This series covers all areas of research at Perimeter Institute, as well as those outside of PI's scope.
Alan Turing was one of our great 20th century
mathematicians, and a pioneer of computer science. However, he may best be
remembered as one of the leading code breakers of Bletchley Park during World
War II. It was Turing's brilliant insights and mathematical mind that helped to
break Enigma, the apparently unbreakable code used by the German military. We
present a history of both Alan Turing and the Enigma, leading up to this
fascinating battle of man against machine - including a full demonstration of
Superfluidity and superconductivity are two remarkable
phenomena in which, at low temperatures, materials abruptly gain the ability to
flow without friction. Microscopic quantum theories of these phases of matter
were constructed in blockbuster papers of Lev Landau (1940) and John Bardeen,
Leon Cooper, and J. Robert Schrieffer
(1957). The actual explanation of
the flow, however, is rooted in a
Einstein paper of 1924 that introduces a condensate, a quantum configuration describing a finite
Gamma-ray bursts are
the most luminous and energetic explosions known in the universe. They
appear in two varieties: long- and short-duration. The long GRB
result from the core-collapse of massive stars, but until recently the origin
of the short GRBs was shrouded in mystery. In this talk I will present
several lines of evidence that point to the merger of compact objects binaries
(NS-NS and/or NS-BH) as the progenitor systems of short GRBs. Within this
framework, the observational data also allow us to independently determine the
Despite being one of the most abundant constituents of the Universe and more than a half a century of study, some of the most fundamental properties of the neutrino have only been recently uncovered, and others still remain unresolved. I will discuss important developments in the phenomenon of neutrino oscillations, a transmutation process that allows neutrinos to change between three types as they propagate in time.
"A well constructed theory is in some respects undoubtedly an artistic production." - Sir Ernest Rutherford
"Design is the synthesis of form and content."-Paul Rand
On the surface, the scientific method (primarily analytic) and design methodologies (primarily synthetic) seem to be quite different processes but there is considerable overlap and communicating science involves a blend of both. Scientists tend to use a scientific approach when
In the past few years, optical cooling and manipulating of macroscopic objects, such as micro-mirrors and cantilevers has developed into an active field of research. In mechanical systems, the oscillator is attached to its suspension, a thermal contact that limits the motion isolation. On the other hand, when these small objects are levitated using the radiation pressure force of lasers, the excellent thermal isolation even at room temperatures helps produce very sensitive force detectors, and eventually quantum transducers for quantum computation purposes.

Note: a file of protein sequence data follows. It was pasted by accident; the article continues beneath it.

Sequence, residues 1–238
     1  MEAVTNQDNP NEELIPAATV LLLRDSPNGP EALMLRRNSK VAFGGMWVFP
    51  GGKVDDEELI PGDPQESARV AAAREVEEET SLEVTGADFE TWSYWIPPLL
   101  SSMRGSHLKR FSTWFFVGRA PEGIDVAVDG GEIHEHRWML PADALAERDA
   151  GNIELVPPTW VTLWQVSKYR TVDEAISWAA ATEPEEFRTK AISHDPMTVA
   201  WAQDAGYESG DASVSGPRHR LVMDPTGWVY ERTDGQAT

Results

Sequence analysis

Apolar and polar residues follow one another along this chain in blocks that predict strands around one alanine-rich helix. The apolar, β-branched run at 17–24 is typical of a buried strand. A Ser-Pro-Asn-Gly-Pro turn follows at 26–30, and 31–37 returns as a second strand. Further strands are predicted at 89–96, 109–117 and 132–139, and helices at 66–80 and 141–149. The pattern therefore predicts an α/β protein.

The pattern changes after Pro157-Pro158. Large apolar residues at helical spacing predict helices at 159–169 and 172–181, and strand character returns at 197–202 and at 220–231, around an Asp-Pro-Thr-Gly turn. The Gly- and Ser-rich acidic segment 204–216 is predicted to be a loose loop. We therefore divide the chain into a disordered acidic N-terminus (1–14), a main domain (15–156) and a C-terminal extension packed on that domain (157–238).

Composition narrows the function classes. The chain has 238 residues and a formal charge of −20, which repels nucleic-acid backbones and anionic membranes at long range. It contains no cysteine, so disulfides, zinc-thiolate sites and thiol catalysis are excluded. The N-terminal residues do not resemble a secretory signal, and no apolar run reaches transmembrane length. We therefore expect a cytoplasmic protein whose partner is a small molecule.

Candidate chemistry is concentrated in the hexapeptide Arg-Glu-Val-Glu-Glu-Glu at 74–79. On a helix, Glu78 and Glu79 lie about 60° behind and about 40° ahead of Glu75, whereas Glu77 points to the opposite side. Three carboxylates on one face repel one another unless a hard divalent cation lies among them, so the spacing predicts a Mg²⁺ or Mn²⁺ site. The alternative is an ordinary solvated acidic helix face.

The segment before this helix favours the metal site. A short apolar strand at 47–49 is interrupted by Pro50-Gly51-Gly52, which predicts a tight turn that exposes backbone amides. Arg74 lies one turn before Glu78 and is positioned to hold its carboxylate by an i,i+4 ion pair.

When a large number of quantum mechanical particles are put together and allowed to interact, various condensed matter phases emerge with macroscopic quantum properties. While conventional quantum phases like superfluids or quantum magnets can be understood as a simple collection of
Shor's algorithm can be a meaningful test for experimental quantum processing systems, when suitably realized. I present results from a recent implemenation of quantum factoring using trapped ion qubits, demonstrating feed-forward control, use of quantum memory during computation, and cascaded three-qubit gates. Such capabilities are necessary ingredients for a future large-scale,
fault-tolerant quantum computing system.
The direct detection of gravitational waves promises to open up a new spectrum that is otherwise mostly closed to electromagnetically based astronomical observations. Detecting gravitational waves from binary black holes and neutron stars, as well as estimating their parameters, requires a sufficiently accurate prediction for the expected waveform signal.
While quantum measurement remains the central philosophical conundrum of quantum mechanics, it has recently grown into a respectable (read: experimental!) discipline as well. New perspectives on measurement have grown out of new technological possibilities, but also out of
attempts to design systems for quantum information processing, which promise to be exponentially more powerful than any possible classical computer. I will try to give a flavour about some of these perspectives, focussing largely on a particular paradigm known as "weak measurement."